• The domestic economy could also be deprived of external market support.
  • The risk element is high especially in case of economic curbs being imposed collectively, such as by the Organisation for Economic Co-operation and Development (OECD) or the North Atlantic Treaty Organization (NATO).

What are the economic sanctions against Russia?

  • Major Russian banks have been banned from the SWIFT financial messaging service and their assets have been frozen.
  • Sanctions have been levied on the Russian Direct Investment Fund and against some of Russia’s wealthiest people.
  • Access to air-space has been denied and export controls introduced.
  • The countries imposing curbs on Russia account for 34% of world GDP.

What is the cost of such restrictions?

  • This depends on the economic strength of the country being targeted.
  • Russia cannot be brushed aside as an ordinary economy.
  • The country is important to the global economy because of its oil reserves and access to nuclear power.
  • Russia is also a supplier of sophisticated defence products and is an important supplier of crucial defence products to India.
  • Given the long-term strategic nature of the relationship, India is abstaining from voting on resolutions to condemn Russia.

How did India manage curbs after Pokhran-II?

  • India’s dependence on external assistance was more than $100 billion.
  • The government appealed to non-resident Indians (NRIs) whose annual savings were more than $400 billion.
  • NRIs’ subscription to government bonds was more than double the annual foreign assistance.
  • India could also showcase its scientific strength as none of the scientists involved were trained abroad.
  • This helped India display confidence, especially to investors.

 

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Russian Invasion of Ukraine: Global Implications

The complexities for implementing a No-Fly Zone

Note4Students

From UPSC perspective, the following things are important :

Prelims level : No-Fly Zone

Mains level : Read the attached story

The North Atlantic Treaty Organization (NATO) Secretary General stated that the organisation would not designate the Ukrainian airspace as a ‘No Fly Zone’ which he said would lead to a full-fledged war in Europe, involving many more countries and resulting in greater human suffering.

What is a No-Fly Zone ?

  • In simple terms, a No-Fly Zone refers to a particular airspace wherein aircraft, excluding those permitted by an enforcement agency, are barred from flying.
  • Articles under Chapter VII of the United Nations Charter dealing with Action with Respect to Threats to the Peace, Breaches of the Peace, and Acts of Aggression’ are invoked to authorise a potential no-fly zone.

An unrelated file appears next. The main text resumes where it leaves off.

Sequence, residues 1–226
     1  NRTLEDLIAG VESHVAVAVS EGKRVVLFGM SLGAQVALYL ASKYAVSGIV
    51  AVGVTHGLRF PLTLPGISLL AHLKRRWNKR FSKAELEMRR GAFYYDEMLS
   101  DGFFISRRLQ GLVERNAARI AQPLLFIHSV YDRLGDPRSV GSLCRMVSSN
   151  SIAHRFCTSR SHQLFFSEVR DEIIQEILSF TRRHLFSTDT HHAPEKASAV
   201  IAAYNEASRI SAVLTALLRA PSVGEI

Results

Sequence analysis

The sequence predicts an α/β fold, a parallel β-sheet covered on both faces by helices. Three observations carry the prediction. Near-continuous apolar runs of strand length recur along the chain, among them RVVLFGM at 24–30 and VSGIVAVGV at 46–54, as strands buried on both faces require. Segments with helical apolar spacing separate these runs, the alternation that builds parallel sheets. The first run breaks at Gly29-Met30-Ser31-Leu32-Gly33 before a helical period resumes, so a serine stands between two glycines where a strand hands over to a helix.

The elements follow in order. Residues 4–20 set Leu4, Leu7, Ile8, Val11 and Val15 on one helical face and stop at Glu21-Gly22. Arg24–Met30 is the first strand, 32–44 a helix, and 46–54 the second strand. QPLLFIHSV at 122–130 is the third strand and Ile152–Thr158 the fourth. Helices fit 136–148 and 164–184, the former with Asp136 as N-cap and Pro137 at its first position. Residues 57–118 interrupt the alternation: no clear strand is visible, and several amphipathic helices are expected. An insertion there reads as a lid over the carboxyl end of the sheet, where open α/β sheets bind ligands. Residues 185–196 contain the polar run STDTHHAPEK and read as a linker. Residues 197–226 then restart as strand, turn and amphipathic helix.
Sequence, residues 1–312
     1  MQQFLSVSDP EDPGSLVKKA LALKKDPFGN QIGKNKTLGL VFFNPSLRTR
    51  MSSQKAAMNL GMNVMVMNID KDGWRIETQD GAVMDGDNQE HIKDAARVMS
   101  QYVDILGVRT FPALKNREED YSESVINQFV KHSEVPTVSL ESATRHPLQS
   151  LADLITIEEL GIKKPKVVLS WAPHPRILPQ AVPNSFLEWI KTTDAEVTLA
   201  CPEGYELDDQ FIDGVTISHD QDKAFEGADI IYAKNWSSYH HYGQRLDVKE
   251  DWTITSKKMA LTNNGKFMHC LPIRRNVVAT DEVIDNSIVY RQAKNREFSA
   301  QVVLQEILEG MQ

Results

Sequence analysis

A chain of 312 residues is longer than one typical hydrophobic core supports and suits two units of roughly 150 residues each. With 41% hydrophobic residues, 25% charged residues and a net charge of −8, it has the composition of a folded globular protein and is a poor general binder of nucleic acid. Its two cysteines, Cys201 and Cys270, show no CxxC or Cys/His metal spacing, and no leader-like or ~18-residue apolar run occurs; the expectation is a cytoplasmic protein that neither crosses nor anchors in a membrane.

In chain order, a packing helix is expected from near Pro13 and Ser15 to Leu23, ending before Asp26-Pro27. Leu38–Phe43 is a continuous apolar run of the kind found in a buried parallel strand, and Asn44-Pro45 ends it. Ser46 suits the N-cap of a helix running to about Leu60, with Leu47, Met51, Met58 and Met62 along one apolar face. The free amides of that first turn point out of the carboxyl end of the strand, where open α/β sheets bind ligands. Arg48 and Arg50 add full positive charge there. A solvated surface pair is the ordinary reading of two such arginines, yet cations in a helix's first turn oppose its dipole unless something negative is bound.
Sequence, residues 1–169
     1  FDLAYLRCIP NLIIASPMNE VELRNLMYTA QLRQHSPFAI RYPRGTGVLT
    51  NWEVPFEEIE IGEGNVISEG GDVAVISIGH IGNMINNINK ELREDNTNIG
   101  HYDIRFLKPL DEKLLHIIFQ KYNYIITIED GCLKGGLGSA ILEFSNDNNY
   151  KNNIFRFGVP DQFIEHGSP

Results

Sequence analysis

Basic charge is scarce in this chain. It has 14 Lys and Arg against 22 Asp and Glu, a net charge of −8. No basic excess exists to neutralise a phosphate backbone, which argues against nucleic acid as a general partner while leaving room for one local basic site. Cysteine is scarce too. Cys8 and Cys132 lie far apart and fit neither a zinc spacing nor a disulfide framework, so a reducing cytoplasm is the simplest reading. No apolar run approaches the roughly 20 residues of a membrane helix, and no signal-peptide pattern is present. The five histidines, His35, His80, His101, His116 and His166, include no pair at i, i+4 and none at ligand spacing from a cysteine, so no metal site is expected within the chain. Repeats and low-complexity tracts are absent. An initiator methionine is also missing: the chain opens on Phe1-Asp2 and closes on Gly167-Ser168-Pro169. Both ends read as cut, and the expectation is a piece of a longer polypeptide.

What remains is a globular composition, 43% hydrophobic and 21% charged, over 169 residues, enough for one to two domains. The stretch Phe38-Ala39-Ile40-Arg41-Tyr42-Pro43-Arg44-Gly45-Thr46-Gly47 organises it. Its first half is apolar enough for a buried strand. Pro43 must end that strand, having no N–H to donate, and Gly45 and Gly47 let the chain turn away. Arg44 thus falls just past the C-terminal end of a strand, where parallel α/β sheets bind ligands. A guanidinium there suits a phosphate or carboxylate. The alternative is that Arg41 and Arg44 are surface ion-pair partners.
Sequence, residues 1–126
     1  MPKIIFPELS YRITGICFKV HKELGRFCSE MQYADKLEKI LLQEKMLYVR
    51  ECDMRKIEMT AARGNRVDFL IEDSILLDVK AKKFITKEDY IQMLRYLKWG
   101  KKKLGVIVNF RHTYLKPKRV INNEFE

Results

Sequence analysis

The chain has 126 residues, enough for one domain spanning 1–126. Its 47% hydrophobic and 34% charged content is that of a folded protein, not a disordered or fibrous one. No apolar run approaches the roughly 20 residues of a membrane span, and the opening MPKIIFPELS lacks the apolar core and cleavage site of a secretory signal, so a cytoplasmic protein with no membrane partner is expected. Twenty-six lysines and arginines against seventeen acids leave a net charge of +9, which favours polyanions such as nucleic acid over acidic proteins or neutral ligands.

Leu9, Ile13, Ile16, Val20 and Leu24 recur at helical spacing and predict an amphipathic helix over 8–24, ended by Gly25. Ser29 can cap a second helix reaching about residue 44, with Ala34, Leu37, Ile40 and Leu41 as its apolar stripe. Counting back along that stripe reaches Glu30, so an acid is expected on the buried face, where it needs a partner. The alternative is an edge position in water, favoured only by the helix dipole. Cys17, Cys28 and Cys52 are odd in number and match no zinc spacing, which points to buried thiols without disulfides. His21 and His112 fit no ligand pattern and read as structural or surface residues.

• Article 39 dictates the United Nations Security Council (UNSC) to determine the probable existence of any threat to peace or an act of aggression.
  • It suggests further measures, if required, are to be carded out in accordance to Article 41 and 42 to restore international peace and security.
  • No fly zones have been implemented without UN mandate too.

Cases of implementation

  • In 1991 after the first Gulf War, U.S. and its coalition partners imposed two no fly zones over Iraq to prevent Saddam Hussain born attacking ethnic groups.
  • In non-combat situations, No fly zones can be imposed permanently and temporarily over sensitive installations or for high profile events like Olympics.

What is the feasibility of ‘No fly zone over Ukraine?

  • No-fly zone declarations are essentially a compromise in situations demanding a response to ongoing violence, but full military intervention is politically untenable.
  • NATO has previously imposed No-Fly Zones in non-member states like Libya and Bosnia. With Russia it fears a full-fledged war in Europe.
  • It has been demanding that NATO scale back to the pre-1997 arrangements. Both Russia and Ukraine are not members of NATO.
  • Due to this the idea of imposing a no fly zone’ over Ukraine has been rejected outright.
  • If implemented, it means NATO deploying aircraft and assets which would result in a direct confrontation with Russia.

What are the broad contours in a No-Fly Zone?

  • The UNSC had banned all flights in the Libyan airspace post adoption of Resolution 1973 in 2011 in response to the Libyan Civil War.
  • Member slates were asked to deny permission to any Libyan registered aircraft to use the territory without requisite approval.
  • Further, the member states could bar any entity from flying if they found reasonable grounds to believe the aircraft is ferrying lethal or non-lethal military equipment.
  • Member states were permitted to allow flights whose sole purpose was humanitarian, such as delivery of medical supplies and food, chauffer humanitarian workers and related assistance, or evacuating foreign nationals from the territory.